NICE commissioned an external assessment centre (EAC) to review the evidence submitted by the company. This section summarises that review. Full details of all the evidence are in the documents in the history section for this guidance.
3.1 The EAC assessed 19 studies. Eight were full text publications: 1 randomised controlled trial, 3 prospective studies (2 of which were comparative), and 4 retrospective studies (2 of which were comparative). One abstract reported results from a randomised controlled trial, and 8 abstracts and posters reported retrospective studies. Two posters reported results from the same acute kidney injury (AKI) reduction programme. Two unpublished papers were included: 1 retrospective comparative study and 1 prospective comparative study. For full details of the clinical evidence, see section 3 of the assessment report.
3.2 The evidence from comparative studies showed that using DyeVert Systems reduced the amount of contrast media injected by between 17% (Sattar et al. 2018) and 41% (Desch et al. 2018) compared with standard coronary angiography. A company meta-analysis estimated that contrast volume received by the patient was lowered by 39.43% when using DyeVert Systems compared with when they were not used (calculated from 5 single-arm studies and 3 comparative studies).
3.3 Seven published studies reported no loss to image quality with DyeVert Systems (Desch et al. 2018, Gurm et al. 2019a, Briguori et al. 2020, Bruno et al. 2019, Sapontis et al. 2017, Corcione et al. 2017, Zimin et al. 2020) and 2 abstracts (Amoroso et al. 2020, Rao et al. 2019). A company meta-analysis estimated that image quality was 98.2% of that when the system was not used (calculated from 6 published clinical studies and 1 abstract).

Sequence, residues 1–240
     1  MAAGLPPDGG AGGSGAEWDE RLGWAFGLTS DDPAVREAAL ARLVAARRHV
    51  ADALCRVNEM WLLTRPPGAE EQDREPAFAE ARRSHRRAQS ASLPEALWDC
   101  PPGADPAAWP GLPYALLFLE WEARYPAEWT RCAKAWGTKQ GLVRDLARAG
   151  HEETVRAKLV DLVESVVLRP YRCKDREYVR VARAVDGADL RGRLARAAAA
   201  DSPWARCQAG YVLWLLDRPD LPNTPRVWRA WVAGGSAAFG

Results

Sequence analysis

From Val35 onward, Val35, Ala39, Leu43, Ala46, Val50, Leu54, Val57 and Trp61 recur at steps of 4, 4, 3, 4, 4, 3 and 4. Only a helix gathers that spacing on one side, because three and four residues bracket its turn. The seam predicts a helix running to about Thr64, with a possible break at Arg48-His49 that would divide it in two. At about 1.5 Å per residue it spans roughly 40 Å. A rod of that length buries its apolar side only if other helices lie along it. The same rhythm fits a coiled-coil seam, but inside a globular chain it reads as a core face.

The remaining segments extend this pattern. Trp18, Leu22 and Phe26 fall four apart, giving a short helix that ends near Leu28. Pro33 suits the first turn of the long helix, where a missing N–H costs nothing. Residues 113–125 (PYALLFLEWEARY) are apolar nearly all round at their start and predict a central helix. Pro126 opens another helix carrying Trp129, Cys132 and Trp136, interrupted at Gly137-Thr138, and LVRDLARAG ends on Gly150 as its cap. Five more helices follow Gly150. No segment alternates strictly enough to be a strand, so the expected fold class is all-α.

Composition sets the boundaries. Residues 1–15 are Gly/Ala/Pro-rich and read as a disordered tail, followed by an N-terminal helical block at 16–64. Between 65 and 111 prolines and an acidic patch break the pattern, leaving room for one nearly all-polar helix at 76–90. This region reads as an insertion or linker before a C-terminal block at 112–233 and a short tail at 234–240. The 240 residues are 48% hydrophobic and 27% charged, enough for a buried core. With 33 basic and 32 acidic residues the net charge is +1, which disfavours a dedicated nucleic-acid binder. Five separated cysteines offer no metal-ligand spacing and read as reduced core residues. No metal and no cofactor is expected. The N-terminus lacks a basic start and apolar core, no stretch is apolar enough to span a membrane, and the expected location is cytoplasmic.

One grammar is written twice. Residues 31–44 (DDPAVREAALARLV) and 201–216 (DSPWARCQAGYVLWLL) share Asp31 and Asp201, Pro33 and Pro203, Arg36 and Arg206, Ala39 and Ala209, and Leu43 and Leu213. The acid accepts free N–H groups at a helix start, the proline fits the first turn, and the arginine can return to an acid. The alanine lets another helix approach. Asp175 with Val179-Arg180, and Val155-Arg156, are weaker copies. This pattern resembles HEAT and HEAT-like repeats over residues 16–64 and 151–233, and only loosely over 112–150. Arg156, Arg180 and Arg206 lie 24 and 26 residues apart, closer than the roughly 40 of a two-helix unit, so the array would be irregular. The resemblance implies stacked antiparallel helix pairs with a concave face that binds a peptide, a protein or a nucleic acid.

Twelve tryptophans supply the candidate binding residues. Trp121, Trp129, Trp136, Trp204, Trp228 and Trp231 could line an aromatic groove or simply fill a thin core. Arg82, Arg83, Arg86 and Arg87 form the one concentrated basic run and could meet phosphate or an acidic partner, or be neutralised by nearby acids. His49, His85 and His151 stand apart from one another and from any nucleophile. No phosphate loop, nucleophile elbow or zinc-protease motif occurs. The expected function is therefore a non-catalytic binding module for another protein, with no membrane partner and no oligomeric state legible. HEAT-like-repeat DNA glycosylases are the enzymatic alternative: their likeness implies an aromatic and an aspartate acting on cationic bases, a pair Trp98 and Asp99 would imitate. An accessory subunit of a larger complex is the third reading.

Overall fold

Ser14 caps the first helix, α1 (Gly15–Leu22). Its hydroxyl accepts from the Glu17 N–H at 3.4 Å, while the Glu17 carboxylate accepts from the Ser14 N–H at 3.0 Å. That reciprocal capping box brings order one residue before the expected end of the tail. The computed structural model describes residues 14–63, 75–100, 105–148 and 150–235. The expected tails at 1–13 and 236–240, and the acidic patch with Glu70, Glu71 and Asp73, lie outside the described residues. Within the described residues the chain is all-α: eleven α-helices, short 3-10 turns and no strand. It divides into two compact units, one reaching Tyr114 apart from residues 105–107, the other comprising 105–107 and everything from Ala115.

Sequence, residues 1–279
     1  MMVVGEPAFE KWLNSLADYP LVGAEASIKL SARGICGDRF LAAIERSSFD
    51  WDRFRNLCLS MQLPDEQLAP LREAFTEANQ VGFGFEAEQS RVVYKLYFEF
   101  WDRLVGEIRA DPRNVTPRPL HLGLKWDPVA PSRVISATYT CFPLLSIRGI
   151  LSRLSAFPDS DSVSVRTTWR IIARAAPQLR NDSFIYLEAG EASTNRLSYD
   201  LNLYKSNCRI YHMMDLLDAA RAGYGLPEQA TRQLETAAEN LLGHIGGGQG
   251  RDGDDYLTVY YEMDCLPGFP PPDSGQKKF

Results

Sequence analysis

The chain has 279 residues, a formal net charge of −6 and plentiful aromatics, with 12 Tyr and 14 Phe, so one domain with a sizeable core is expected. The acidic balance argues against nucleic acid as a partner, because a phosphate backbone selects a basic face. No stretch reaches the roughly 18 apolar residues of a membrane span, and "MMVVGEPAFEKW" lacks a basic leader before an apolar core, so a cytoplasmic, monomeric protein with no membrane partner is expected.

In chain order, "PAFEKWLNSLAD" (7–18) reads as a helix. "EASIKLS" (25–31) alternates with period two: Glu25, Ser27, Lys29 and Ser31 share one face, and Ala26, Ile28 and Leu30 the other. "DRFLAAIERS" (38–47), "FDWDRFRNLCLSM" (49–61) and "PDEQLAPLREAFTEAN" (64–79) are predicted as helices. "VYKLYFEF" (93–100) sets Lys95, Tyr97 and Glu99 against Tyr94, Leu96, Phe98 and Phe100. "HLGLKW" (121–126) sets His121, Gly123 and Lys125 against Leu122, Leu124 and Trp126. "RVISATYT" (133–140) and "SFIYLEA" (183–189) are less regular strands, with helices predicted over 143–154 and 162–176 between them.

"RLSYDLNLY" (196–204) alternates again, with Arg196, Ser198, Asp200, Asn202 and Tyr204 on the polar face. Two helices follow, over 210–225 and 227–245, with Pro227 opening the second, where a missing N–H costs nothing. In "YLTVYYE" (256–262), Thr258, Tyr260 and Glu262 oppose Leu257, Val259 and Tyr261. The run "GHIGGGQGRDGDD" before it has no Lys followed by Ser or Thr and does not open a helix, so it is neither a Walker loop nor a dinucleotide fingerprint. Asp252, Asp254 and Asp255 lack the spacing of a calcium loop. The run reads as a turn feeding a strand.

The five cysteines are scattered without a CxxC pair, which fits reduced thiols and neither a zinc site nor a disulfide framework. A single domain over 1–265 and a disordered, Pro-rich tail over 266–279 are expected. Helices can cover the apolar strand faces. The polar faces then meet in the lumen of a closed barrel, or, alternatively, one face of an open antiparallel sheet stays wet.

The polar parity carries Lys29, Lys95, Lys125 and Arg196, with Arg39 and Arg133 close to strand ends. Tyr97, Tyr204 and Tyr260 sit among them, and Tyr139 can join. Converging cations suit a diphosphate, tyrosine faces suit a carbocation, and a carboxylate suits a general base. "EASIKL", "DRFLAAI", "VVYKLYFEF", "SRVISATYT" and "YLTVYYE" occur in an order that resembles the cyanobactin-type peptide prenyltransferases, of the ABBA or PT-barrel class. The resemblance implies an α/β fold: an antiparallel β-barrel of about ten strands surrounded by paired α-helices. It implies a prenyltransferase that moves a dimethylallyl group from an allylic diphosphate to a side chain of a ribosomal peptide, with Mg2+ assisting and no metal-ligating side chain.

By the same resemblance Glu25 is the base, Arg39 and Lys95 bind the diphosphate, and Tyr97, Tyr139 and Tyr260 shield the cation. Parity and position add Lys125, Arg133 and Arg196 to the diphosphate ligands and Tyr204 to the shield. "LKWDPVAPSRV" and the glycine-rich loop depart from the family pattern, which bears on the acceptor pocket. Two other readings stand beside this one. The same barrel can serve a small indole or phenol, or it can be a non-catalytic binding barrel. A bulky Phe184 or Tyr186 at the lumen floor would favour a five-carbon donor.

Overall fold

3.4 Evidence on the risk reduction in AKI was from 1 published paper (Briguori et al. 2020) and 5 abstracts and posters (Sattar et al. 2018, Kutschman et al. 2019, Bunney et al. 2019, Cameron et al. 2020, Turner and Tucker 2020). These studies reported outcomes from people who were identified as having chronic kidney disease (CKD) stages 2 and 3 before their angiography procedure. Briguori et al. (2020) was a single-centre, observational, non-randomised design, which used a control group of patients treated in the same centre. Propensity score matching was used to match the control group to the DyeVert group, resulting in 90 patients in each group. This study reported AKI in 8% of the DyeVert Systems group and 19% of the control group (p=0.047). A company meta-analysis estimated the relative risk of contrast-induced AKI in a DyeVert Systems group compared with a control group to be 0.59, calculated from Briguori et al. (2020) and 3 comparative studies reported as an abstract or poster.
3.5 The evidence presented was limited because measurements were only taken during the procedure in the studies that looked primarily at contrast volume used or reduced, and image quality. In the studies that followed up after the procedure, the methodology around collecting and reporting of the outcomes was not clear. Briguori et al. (2020) did report serum creatinine for 72 hours after the procedure, and AKI incidence and major adverse events within 1 month of the procedure. But the studies were limited by their retrospective design, which meant not all AKI incidents could be identified.